A Tourist in 1963

Gerda McIntosh

We had migrated to Australia in 1956. By 1963 we had acquired a 10 square fibro home on a quarter acre block, complete with mortgage, 15 km from the G.P.0. Sydney, (which in those days was considered to be in 'the bush'), complete with two children, a dog, three stray cats and a few chooks in the backyard. We had also just become proud owners of a station wagon. We considered ourselves to be dinky-di Aussies, despite our different accents. The only thing that was missing was a holiday! Like our neighbours we were always short of cash, so we had to go camping. We’d never done it in our past lives. We invested in a gas cooker and collected an assortment of tinned food: baked beans, soup, stews.

With the backseat of the car folded down, the double bed mattress was installed – bedroom for mum, dad and three year old son. The front seat accommodated 6 year old daughter and the dog.

Our first trip was to Canberra, to show the children their/our-Capital, over 200 miles away, an enormous distance for us. We left on a Friday evening after work and school, the children fed and in their pyjamas. We followed the old Hume so-called Highway. It was narrow and winding. Leaving the City behind was exciting. Old gum trees loomed ghostly around and above us, illuminated in the high beam of the car. Each tree was different, some gnarled with branches incredibly twisted, some straight and majestic, some barks white and smooth, some brown and fissured, some peeling off in great strips. All so beautiful in their own way, just like people, I thought.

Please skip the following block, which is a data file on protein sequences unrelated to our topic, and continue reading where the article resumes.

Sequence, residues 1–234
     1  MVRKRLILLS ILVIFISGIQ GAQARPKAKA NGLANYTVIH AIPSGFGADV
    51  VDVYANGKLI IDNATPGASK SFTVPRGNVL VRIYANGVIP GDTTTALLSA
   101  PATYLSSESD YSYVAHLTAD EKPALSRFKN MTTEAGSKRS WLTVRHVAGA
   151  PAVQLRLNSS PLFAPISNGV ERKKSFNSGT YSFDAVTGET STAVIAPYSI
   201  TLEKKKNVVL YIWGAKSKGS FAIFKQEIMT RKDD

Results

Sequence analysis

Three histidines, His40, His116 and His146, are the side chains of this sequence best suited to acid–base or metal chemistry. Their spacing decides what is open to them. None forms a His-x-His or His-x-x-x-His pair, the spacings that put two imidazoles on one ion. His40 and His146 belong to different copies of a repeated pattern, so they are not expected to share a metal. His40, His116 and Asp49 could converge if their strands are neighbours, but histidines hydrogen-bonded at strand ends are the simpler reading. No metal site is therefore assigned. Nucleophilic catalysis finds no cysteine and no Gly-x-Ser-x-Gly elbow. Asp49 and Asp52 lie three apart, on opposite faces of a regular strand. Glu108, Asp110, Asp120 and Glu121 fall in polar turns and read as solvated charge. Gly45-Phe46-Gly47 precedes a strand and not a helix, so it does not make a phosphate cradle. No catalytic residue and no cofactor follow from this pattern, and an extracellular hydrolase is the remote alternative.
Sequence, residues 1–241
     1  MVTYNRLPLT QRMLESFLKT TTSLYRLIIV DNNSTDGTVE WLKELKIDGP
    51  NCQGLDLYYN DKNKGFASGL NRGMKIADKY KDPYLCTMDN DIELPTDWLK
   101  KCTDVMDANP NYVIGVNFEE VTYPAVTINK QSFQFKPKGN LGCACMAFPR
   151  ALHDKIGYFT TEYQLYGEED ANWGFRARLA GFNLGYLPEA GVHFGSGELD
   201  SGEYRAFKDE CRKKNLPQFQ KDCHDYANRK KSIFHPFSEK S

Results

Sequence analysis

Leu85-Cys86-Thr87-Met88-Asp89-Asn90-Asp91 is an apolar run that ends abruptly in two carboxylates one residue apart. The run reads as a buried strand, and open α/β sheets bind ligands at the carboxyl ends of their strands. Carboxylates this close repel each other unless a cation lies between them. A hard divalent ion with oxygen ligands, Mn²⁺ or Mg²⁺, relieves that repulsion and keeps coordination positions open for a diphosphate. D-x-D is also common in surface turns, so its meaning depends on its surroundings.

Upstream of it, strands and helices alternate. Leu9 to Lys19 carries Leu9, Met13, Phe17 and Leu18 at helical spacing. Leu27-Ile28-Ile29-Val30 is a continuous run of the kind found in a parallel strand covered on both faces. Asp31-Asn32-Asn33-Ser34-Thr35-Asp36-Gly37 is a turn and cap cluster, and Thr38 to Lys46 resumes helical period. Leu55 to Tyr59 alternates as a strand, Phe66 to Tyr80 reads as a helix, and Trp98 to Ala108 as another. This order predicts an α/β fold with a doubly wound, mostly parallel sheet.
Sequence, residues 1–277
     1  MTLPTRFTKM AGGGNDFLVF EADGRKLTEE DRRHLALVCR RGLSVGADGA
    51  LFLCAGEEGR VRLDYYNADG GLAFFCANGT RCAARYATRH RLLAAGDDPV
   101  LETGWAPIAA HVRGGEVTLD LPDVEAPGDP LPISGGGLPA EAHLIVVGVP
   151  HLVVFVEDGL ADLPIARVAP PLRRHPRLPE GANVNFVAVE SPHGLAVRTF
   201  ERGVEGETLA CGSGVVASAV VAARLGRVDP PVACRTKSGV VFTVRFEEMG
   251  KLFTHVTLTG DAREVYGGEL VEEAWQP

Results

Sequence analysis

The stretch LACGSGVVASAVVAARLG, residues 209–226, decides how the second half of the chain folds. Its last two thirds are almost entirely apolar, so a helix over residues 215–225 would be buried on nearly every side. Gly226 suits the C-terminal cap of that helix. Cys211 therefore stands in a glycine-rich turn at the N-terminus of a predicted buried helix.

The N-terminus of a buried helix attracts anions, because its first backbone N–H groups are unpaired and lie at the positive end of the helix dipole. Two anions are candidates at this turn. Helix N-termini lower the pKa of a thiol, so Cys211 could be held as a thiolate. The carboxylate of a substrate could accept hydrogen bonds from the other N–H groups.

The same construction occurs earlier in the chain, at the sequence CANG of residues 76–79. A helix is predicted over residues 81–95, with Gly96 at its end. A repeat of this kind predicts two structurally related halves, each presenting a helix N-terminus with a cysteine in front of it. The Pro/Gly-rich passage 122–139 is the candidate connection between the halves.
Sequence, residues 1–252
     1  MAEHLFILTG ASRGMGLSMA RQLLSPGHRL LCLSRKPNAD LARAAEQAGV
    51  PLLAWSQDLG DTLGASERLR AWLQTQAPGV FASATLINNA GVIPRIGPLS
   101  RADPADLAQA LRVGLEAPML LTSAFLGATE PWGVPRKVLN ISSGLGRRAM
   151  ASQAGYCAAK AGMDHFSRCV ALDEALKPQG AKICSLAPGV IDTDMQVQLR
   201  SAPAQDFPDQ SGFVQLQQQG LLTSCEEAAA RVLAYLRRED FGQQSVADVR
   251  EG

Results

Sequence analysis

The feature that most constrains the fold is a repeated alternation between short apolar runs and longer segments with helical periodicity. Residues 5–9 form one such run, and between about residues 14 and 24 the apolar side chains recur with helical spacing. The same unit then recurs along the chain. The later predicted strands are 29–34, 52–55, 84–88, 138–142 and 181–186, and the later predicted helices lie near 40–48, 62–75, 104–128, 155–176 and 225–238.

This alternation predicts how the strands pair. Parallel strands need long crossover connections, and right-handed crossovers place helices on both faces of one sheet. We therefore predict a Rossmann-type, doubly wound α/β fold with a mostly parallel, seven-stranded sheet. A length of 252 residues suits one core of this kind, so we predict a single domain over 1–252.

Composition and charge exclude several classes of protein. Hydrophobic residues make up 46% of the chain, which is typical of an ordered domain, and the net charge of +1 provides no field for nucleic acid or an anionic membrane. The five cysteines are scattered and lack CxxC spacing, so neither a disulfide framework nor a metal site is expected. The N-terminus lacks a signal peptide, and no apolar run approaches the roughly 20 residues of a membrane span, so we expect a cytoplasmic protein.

Somewhere, it may have been past Goulburn, we just pulled off the road and settled down to sleep. With the first rays of the sun, I drove my sleeping family to the next petrol station. The garage proprietor looked into the car and had a good laugh. After explaining the purpose of our trip, he invited us to use his facilities for early ablutions and have breakfast on his premises.

After cruising around Canberra, we parked right in front of Parliament House. We walked up the steps and were approached by a caretaker. It was a Saturday and of course it was closed. I am unable to remember in detail what happened next, but the doors were opened for us and we had a personal guided tour of Parliament House. I see ourselves in the Gallery with our guide explaining on which sides the Government and the Opposition sat and pointing out the seat of the Speaker. We all, especially the children, felt very important.

In the evening, on our way home via Batemans Bay, we again slept at the side of the road hidden among trees. The next day we followed a most scenic road along the coast and were awed by a spectacular view of the South Coast from Stanley Heights. The drive through the Royal National Park seemed to be never ending. We arrived home tired and exhilarated, ready for school and work the following morning.

This trip has become more memorable with each year. There was no 'tourist' mentality then, and as we found on subsequent trips in those years, locals would go out of their way to help individuals who took the trouble to visit their part of this Big Country.